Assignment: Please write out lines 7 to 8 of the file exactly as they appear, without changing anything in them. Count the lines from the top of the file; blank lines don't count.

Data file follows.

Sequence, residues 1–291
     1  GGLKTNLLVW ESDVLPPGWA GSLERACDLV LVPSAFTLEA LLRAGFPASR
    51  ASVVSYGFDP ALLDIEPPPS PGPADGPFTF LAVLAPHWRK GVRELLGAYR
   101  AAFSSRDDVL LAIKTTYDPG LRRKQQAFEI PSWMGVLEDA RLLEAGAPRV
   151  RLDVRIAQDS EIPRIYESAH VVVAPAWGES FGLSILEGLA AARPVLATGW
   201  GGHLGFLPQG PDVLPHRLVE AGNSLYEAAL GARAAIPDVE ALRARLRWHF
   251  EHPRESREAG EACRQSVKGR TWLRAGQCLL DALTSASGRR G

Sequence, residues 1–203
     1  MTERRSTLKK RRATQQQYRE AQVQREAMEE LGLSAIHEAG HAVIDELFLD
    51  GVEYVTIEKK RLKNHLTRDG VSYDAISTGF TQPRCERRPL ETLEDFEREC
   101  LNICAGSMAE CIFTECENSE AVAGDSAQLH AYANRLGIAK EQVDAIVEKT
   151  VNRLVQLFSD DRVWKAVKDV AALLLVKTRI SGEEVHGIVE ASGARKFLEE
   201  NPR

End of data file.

   251  EHPRESREAG EACRQSVKGR TWLRAGQCLL DALTSASGRR G

Sequence, residues 1–203